More Research

The same researchers that have been focusing on hearing loss in women are looking at other reasons why hearing loss is becoming so common in them. They have begun to look at hormonal balances and diet in over 150,000 to help identify new factors in the ongoing battle against hearing loss in people.

What to Do

Now, many people will be ready to ditch their medication for aches and pains right away. However, be aware that there is no need to take drastic measures here. Simply switch out the medication that you use for your aches and pains once in a while, or simply take a medication that does not have ibuprofen as one of the main ingredients. You should still be aware that ibuprofen is a common ingredient in many seasonal allergy and cold medications, but as long as you pay attention to the labels, you should be fine.

How Hearing Loss Can Affect Your Holiday Gatherings

While many people regard it as the most wonderful time of the year, the holidays are not always so bright for people who suffer from hearing loss. While meeting up with family members is one of the greatest parts of the season, people with hearing loss are restricted in this respect of life. That is why it is so important for people to understand what their family and friends are going through with being impaired. Here we will take a closer look at the different ways that people can keep their hearing health under control and how those around them can make their season more worthwhile.

Problems Caused By Hearing Loss

The holiday season is unique in the sense that it is punctuated by family gatherings in just about every culture. This means people will be spending more time with one another at this time of year than any other. If you have hearing loss, this means that this time of year can be very alienating and even depression because you cannot take part in the conversations and gatherings as well as other people around you.

While it may seem like a minor problem, not being able to be the center of every conversation, this happens on a daily basis with hard of hearing individuals. The social effects and limitations can compound over time, leading to depression and anxiety symptoms building up in these people. This can cause even more social withdrawal and lead to even more problems with depression. Hearing loss on a large scale has even been connected to larger and more serious health issues.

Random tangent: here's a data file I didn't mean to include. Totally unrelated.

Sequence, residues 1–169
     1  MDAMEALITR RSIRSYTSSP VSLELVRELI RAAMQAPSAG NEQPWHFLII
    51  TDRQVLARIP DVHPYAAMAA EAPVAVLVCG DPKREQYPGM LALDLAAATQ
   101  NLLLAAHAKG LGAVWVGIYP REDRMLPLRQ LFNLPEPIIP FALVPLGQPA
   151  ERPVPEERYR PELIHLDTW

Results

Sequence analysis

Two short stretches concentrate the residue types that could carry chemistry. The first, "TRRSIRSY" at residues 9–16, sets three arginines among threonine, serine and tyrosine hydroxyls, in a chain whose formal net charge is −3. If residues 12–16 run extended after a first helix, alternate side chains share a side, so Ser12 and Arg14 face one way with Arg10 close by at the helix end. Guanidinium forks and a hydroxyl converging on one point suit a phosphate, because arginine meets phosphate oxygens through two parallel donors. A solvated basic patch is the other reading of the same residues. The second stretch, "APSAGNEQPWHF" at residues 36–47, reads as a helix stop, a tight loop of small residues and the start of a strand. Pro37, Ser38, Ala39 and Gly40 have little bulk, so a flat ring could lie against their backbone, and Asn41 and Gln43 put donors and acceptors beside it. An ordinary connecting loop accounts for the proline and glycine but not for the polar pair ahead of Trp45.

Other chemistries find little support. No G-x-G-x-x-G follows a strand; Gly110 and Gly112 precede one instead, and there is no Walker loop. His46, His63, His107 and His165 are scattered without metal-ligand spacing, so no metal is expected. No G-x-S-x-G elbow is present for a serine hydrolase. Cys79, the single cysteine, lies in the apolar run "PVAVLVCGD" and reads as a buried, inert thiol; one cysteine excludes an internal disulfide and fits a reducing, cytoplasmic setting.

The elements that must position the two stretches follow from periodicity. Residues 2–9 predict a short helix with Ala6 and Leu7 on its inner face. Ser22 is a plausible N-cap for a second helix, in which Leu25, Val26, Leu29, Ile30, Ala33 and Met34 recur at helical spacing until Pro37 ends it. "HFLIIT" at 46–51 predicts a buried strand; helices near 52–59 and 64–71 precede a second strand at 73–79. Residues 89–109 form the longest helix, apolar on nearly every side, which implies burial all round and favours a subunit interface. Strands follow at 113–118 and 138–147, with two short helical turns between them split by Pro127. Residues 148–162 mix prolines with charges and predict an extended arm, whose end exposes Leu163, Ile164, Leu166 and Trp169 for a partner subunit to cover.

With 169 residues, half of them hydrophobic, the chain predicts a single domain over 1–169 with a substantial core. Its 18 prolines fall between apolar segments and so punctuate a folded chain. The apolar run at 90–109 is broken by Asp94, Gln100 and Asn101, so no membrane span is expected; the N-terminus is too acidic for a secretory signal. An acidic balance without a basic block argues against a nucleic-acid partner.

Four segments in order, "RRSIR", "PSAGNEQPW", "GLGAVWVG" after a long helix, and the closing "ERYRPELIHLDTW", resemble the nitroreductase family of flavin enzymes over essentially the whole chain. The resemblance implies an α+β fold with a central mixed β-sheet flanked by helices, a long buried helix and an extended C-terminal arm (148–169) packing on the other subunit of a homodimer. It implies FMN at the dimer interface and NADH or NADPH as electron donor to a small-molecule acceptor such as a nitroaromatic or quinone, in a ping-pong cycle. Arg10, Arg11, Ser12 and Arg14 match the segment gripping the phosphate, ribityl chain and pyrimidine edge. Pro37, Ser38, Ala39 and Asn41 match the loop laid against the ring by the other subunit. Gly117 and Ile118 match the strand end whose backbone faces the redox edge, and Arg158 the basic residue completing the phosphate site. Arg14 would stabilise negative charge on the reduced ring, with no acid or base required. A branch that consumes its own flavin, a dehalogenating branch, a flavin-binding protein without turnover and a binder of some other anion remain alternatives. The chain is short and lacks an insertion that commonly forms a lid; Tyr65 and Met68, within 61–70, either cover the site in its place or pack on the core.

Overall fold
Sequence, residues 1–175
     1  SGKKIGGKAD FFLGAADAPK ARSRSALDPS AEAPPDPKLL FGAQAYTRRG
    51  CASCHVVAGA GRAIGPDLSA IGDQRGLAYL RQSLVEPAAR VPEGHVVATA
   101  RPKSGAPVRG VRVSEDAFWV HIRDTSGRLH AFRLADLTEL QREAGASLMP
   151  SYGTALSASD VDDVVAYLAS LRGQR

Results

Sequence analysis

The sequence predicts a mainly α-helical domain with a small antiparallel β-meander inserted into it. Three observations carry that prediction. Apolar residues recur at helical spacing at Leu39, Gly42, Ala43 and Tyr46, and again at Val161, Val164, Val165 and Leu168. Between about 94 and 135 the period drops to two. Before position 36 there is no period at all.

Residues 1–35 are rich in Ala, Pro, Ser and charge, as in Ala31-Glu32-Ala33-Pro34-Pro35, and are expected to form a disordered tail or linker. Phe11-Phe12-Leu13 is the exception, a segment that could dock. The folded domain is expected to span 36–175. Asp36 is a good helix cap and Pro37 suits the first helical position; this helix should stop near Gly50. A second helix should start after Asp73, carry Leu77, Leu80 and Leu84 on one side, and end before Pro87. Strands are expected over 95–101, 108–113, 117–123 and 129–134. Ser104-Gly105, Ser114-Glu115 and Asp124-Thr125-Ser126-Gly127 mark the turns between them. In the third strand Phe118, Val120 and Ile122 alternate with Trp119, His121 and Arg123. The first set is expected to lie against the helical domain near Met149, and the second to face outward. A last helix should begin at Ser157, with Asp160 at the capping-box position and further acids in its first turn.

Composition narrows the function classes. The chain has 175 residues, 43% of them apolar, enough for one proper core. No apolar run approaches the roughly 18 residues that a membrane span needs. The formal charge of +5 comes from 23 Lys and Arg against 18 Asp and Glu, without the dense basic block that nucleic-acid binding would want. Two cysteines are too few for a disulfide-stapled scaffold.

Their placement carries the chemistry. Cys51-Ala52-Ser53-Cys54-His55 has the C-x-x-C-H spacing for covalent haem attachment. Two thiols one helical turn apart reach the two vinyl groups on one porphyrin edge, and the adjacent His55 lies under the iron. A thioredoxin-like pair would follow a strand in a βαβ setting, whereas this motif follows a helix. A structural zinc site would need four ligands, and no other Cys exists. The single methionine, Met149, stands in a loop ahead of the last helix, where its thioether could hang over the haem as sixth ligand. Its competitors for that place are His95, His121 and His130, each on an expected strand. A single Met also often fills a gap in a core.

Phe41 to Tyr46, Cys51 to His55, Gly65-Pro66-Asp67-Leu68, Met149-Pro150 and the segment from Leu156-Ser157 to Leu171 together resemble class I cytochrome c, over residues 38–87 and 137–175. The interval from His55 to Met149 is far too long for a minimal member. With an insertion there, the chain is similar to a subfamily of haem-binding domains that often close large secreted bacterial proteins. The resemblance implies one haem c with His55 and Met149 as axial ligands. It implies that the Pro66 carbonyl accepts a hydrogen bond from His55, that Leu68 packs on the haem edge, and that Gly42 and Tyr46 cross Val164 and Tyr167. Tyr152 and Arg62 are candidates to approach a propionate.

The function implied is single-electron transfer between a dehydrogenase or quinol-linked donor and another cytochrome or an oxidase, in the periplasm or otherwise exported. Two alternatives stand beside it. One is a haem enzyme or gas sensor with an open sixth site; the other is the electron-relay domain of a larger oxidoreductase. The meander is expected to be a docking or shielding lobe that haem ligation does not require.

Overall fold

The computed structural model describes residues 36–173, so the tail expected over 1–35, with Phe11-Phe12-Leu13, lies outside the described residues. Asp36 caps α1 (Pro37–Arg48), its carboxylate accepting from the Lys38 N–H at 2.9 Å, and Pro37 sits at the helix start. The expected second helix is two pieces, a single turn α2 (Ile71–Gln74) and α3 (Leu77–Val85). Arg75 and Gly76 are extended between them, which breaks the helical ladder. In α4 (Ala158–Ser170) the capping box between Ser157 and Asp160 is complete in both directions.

What Can We Do?

Thankfully, there are many different ways to help people who suffer from hearing loss during this time of the year. For example, you can take a family-oriented approach and introduce your hearing impaired family member into conversations so that they do not have to suffer the awkwardness of sitting alone or not understanding. You may also take the lead and speak loudly and slowly for them, and encourage people around them to do the same. Just because they suffer from a medical condition does not mean that they cannot contribute to the conversations in meaningful or even entertaining ways.

Another one of the ways that you can help holiday hearing loss blues is by taking a medical approach. If you speak to a hearing specialist, they can offer you many different solutions for your hearing problems. The first thing that they can do is to figure out what is causing your hearing loss by giving you a modern diagnosis. Armed with this information, you can opt for a medical treatment or a device fitting. Some surgeries can repair your hearing enough so that you will have normalized methods of hearing. If that is not an option, a hearing specialist can help find a hearing aid or implant that will help. All of these are great ways for an individual to get back into their social circles, a concept that is always important during the holidays.

How Hearing Aids Are Programmed

Much in the same way that you cannot expect to grab a pair of reading glasses off the shelf at a store and have them be perfect for your vision, a hearing aid device also needs to have substantial amounts of programming before it can be used properly. That is why it is important for every person who suffers from hearing loss to go to an audiologist to have their hearing health tested, their specifications set, and their device programmed. Here we will explore the process and benefits of having your hearing aid programmed.

What Factors Can Be Adjusted?

There are many different aspects of your hearing aid device that can be adjusted on a whim. However, it largely depends on the type of hearing aid that you have and the specific needs that you expect from it. Some of the things that can be adjusted by a hearing specialist on just about any device are volume, frequency, compression ratios, intensity, noise reductions, and microphone parameters for picking up sound in the world around you. You can even have many of these devices fixed for filtering background noise.

Processing Time